By Bradley Allsop
The only way to make the word ‘politics’, that great indicator of all manner of corruption and trickery, more contemptible is to plonk the word ‘student’ in front of it. It almost feels like you‘re not pronouncing ‘student politics’ right if you do it without a sneer, or at least a shudder. Student politics has an image problem.
by Chris Jarvis
Culture and politics are inseparable. Culture is more than mere entertainment, more than escapism. Culture is central to how we understand the world, build our value sets and perceive our fellow people. It stirs human emotion in unique ways, pulling different levers in the brain. Sometimes overtly, sometimes with subtlety, the dominant cultural practices, institutions, icons and outputs are used to reinforce the dominant political system and defend the status quo. Establishment weaponise culture as a means of influence.
But this isn’t the sole preserve of the political right.
Looking through history, many of the most important moments of popular revolt have an accompanying soundtrack. The resistance to the Vietnam War had the protest folk singers. Rage Against the Machine were agitators of the US anti-globalisation movement. Riot Grrrl acts built feminist infrastructure, led pro-choice campaigns and brought ‘the personal is political’ sentiments to the fore of a cultural phenomenon. And so on, and so on.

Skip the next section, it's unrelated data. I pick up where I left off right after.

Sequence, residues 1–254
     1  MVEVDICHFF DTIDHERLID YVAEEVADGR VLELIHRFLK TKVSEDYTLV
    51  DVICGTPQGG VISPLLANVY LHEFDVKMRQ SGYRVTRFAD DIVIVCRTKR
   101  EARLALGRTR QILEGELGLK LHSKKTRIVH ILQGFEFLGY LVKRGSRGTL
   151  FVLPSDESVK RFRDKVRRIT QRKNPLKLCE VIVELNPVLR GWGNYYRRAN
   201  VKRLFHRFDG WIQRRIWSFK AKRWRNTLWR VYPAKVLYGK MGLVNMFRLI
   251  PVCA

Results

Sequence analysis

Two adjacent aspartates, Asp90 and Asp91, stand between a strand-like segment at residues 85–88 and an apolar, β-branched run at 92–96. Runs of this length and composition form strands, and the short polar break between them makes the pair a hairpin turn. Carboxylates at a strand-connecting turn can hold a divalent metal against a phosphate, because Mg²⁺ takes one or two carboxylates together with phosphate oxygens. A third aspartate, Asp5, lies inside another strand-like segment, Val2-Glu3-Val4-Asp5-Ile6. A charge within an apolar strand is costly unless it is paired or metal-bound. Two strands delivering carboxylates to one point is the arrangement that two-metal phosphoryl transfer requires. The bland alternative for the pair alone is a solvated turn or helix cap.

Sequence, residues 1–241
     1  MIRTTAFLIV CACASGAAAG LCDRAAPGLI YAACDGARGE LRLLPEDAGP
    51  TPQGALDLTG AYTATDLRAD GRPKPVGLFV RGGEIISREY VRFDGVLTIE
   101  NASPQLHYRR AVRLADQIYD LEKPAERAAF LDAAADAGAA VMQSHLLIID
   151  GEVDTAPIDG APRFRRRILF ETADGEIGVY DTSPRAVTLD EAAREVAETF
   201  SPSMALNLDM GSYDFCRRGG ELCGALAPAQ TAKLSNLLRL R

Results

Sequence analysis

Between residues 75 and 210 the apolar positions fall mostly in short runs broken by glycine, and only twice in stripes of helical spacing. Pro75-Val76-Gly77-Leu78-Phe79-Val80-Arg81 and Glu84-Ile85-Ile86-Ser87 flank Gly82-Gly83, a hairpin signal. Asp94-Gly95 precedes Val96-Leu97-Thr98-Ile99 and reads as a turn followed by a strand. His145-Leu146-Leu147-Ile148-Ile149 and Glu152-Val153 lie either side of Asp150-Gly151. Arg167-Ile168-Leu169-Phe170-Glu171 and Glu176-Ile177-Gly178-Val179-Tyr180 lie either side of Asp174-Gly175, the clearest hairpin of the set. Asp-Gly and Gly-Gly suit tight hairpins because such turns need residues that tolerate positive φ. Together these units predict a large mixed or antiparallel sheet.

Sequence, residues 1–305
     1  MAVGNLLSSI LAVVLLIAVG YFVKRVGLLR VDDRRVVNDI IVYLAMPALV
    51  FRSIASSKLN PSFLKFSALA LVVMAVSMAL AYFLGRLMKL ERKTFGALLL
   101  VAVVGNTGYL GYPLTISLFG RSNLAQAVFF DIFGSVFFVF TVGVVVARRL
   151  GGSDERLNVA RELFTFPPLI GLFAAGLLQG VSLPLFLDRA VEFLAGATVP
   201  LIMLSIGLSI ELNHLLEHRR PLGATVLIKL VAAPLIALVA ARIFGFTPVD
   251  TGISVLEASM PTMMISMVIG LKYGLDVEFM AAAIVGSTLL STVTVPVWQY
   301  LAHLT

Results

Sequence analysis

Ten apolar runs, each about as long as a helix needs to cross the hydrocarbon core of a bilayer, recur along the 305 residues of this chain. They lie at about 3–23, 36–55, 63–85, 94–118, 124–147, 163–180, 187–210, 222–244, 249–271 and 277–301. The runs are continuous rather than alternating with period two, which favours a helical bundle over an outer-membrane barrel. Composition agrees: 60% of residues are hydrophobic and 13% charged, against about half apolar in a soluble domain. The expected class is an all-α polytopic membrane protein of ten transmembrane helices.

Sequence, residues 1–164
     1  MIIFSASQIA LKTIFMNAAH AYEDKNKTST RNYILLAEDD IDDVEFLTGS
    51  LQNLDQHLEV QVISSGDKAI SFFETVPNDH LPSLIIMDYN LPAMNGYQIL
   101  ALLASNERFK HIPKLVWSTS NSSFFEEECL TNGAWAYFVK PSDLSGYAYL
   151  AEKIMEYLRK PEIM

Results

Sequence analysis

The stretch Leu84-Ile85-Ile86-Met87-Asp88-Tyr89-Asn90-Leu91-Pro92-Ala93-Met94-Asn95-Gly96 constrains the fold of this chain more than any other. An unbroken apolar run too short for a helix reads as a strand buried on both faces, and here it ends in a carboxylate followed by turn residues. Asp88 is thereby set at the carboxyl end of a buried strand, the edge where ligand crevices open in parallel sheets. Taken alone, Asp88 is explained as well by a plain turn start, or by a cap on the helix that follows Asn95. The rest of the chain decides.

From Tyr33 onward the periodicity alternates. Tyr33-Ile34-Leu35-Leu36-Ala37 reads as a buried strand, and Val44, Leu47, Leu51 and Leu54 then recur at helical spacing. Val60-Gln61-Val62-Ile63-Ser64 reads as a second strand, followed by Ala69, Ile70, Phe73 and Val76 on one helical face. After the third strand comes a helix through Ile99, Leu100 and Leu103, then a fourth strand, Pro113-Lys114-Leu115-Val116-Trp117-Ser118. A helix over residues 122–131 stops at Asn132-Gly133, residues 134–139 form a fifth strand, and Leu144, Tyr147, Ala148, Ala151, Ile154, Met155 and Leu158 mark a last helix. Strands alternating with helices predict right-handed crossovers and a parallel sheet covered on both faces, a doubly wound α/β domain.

This isn’t coincidental.Continue Reading
by Faizal Nor Izham
Science fiction as a literary genre has long been ignored by both the academic and literary world as one that can be taken seriously. However, attitudes towards the genre are slowly changing. It is gradually being accepted and taught by many universities today, with literary modules dedicated to it emerging. It can also be potentially seen as a welcome break by those who are weaned off interpreting the likes of Chaucer or Shakespeare.
Stereotypically, science fiction would traditionally be thought of as a ‘childish’ genre featuring spaceships, Martians, laser guns, and time-travel. In fact, prior to the space race of the 1960s, stories published during the 1920s and ‘30s were often relegated to pulp magazines ordinarily consumed by teenagers and often bore the same kind of literary reputation that comic books had during the same era. For the same reasons, the genre was also not financially lucrative. Numbers of books sold by publishers were limited and writers were often forced to churn out several books per year just to make ends meet. It was also the type of profession many would be reluctant to admit to on social occasions.Continue Reading